The Nebraska Supreme Court’s ruling today that use of the electric chair violates the state constitution’s ban on cruel and unusual punishment is an important step toward eliminating inherently inhumane executions in the United States, Human Rights Watch said today.
Nebraska is the only state to use the electric chair as its sole method of execution; all other US death penalty jurisdictions use lethal injection.
“This ruling abolishes the barbaric practice of electrocutions in the state of Nebraska,” said Sarah Tofte, US researcher at Human Rights Watch and co-author of a 2006 report on executions by lethal injection in the United States.
The Nebraska Supreme Court ruled today that execution by electrocution violates the ban on cruel and unusual punishment found in Article I, section 9 of the Nebraska Constitution. “Condemned prisoners must not be tortured to death, regardless of their crimes,” the court wrote.
Since 1994, Nebraska has electrocuted three condemned prisoners. Since the death penalty was reinstated in the US in 1976, there have been at least 10 visibly botched electrocutions, including the 1997 electrocution of Pedro Medina in Florida. During his execution, flames shot out from the headpiece, filling the execution chamber with a cloud of thick smoke and gagging the two dozen official witnesses. An official then threw a switch to manually cut off the power and prematurely end the two-minute cycle of 2,000 volts. Medina’s chest continued to heave until the flames stopped, and then he died.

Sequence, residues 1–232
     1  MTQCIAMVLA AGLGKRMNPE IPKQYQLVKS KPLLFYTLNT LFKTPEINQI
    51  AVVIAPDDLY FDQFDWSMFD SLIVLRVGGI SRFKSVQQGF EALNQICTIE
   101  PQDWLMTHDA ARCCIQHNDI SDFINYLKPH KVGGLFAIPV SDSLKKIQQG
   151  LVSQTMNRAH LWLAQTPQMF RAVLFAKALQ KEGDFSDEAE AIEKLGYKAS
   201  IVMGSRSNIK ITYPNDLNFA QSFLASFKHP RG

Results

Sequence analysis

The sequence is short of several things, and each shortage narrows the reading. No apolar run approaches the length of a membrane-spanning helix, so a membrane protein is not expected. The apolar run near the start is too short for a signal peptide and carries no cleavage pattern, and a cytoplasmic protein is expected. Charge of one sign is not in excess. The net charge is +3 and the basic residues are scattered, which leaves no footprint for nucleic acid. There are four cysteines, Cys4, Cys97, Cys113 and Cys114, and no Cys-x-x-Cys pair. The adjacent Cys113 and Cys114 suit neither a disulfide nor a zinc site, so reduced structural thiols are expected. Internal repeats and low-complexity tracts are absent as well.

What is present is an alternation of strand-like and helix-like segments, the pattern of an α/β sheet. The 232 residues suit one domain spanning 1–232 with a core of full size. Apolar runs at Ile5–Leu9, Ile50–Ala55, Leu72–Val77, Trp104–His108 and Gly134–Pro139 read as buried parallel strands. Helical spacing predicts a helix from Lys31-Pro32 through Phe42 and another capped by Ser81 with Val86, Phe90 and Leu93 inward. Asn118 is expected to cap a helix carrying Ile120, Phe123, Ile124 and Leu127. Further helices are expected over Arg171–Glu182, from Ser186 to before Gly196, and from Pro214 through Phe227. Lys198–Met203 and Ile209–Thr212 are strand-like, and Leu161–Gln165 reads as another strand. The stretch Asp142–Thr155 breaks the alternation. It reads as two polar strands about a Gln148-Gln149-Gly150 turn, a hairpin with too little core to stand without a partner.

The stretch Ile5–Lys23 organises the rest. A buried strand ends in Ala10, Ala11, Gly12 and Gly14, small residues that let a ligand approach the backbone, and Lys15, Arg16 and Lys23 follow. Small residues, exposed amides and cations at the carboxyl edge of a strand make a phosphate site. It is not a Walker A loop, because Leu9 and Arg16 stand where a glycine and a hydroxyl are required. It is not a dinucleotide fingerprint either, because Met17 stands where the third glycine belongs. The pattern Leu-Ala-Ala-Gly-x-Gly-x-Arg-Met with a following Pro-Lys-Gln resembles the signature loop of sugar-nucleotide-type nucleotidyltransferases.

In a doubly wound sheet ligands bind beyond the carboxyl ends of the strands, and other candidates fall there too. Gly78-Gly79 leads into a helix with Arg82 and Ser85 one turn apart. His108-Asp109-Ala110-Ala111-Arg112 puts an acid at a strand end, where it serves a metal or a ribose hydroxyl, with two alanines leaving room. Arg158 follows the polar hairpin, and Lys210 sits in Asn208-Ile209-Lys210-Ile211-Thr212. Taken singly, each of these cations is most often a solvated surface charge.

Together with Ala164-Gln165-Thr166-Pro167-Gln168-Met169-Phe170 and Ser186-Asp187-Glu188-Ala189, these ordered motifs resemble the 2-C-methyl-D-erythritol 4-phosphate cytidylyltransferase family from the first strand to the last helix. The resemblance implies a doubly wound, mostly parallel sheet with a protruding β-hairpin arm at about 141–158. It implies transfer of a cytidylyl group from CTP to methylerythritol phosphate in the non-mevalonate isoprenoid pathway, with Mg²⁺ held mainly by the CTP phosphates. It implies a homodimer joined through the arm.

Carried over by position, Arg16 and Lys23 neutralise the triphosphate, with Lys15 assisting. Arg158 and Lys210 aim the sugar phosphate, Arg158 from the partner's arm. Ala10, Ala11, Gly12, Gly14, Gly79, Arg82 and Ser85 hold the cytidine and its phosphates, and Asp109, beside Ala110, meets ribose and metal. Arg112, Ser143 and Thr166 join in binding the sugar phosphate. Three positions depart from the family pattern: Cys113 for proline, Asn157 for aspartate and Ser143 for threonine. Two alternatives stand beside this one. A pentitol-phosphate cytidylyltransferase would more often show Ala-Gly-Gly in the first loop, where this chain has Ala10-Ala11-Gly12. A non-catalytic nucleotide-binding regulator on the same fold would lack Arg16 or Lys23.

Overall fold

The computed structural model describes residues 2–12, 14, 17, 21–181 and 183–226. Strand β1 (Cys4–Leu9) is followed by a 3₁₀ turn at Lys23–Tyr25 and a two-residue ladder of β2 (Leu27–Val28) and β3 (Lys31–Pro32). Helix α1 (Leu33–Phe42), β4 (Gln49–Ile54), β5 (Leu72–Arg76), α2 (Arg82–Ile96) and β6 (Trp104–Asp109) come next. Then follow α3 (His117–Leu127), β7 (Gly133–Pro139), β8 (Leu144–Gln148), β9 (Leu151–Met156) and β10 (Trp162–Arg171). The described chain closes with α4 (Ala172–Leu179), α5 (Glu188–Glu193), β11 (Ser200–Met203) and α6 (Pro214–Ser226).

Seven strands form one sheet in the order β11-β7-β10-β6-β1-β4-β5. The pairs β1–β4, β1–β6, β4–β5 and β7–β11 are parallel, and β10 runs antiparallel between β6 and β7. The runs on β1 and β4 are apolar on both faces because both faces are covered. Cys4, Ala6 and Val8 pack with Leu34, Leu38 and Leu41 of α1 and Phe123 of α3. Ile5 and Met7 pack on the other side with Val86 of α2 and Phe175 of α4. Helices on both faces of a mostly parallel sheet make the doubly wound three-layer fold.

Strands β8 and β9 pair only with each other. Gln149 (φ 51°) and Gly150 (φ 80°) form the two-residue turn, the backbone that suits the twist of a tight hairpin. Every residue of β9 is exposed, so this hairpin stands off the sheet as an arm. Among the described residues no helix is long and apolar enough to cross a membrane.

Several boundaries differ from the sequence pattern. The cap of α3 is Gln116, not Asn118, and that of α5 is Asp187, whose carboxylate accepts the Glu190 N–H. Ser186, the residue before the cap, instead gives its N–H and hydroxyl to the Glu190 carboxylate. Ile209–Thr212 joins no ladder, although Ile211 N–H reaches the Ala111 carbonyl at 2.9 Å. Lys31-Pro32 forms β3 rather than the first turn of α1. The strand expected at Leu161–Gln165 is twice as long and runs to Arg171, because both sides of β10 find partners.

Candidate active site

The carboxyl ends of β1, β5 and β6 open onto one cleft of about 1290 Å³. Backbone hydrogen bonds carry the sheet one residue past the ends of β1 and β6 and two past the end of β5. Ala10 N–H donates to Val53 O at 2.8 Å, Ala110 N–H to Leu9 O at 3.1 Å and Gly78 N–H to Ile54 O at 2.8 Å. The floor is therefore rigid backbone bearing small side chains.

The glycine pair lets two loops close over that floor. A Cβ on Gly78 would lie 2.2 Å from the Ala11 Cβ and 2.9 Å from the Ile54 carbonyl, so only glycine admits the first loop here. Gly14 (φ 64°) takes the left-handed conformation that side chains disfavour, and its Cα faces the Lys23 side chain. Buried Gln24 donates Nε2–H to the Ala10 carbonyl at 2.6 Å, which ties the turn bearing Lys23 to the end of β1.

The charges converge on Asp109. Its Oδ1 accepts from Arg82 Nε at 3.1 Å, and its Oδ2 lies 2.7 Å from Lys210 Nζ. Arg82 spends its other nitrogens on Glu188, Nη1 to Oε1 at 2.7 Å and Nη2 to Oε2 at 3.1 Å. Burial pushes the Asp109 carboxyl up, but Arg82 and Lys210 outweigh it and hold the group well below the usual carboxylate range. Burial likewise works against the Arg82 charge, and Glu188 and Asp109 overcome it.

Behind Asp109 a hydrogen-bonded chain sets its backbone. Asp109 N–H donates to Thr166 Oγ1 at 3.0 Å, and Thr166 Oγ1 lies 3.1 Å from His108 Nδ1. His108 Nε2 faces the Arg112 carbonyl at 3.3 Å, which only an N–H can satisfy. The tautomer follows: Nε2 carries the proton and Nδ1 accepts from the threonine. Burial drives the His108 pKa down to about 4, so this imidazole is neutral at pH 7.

As a result of today’s ruling, the task falls to the Nebraska legislature to consider an alternative method of execution if it wishes to retain the death penalty. Although the court contends that lethal injection “is universally recognized as the most humane method of execution,” Human Rights Watch urged the Nebraska legislature to carefully examine the risk of suffering posed by the three-drug protocol currently used in lethal injections in other states.
In January, the US Supreme Court heard arguments on the constitutionality of lethal injection. Pending the court’s decision, there is a de facto moratorium on lethal injections in the country.
“Lethal injection is not as humane as it might appear to be,” said Tofte. “There is mounting evidence that condemned prisoners are at risk of suffering excruciating pain. With today’s ruling, the Nebraska legislature has an opportunity to reject methods of execution that cause inhumane pain and suffering.”
Human Rights Watch opposes the death penalty in all circumstances as an inherently cruel and unusual form of punishment and a violation of fundamental human rights.
To view the Nebraska Supreme Court opinion, please click here.